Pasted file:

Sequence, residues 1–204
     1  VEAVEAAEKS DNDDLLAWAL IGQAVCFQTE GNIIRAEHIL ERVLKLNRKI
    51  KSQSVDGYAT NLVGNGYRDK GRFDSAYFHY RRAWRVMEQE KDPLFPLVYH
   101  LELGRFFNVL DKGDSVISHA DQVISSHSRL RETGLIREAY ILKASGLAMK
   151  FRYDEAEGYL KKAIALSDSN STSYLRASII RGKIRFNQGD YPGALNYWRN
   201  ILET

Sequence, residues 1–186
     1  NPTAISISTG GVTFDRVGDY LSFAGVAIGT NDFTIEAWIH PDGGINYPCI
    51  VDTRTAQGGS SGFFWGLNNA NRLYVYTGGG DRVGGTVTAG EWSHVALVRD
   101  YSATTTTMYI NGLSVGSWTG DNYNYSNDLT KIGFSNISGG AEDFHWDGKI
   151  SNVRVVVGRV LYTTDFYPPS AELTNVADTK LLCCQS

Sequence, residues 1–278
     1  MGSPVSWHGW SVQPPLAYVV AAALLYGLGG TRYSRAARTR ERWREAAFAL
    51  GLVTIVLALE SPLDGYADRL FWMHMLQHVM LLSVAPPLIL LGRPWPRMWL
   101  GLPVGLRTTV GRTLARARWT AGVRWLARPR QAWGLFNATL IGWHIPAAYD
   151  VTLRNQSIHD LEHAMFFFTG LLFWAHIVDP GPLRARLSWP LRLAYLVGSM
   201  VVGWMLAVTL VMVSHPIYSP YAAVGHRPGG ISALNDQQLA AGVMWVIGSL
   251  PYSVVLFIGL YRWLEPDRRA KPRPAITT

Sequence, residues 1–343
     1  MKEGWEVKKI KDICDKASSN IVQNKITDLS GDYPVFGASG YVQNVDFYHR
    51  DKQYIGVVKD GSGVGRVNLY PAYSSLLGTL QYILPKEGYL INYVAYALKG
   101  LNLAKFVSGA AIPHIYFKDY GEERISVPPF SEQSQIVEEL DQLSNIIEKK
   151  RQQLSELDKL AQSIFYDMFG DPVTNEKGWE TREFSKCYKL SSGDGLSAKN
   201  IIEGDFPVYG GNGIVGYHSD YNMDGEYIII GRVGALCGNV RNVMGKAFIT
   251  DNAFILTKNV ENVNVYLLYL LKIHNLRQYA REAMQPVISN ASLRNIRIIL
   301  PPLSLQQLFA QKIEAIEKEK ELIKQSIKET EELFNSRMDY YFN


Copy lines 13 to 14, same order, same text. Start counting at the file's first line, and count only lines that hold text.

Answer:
     1  MGSPVSWHGW SVQPPLAYVV AAALLYGLGG TRYSRAARTR ERWREAAFAL
    51  GLVTIVLALE SPLDGYADRL FWMHMLQHVM LLSVAPPLIL LGRPWPRMWL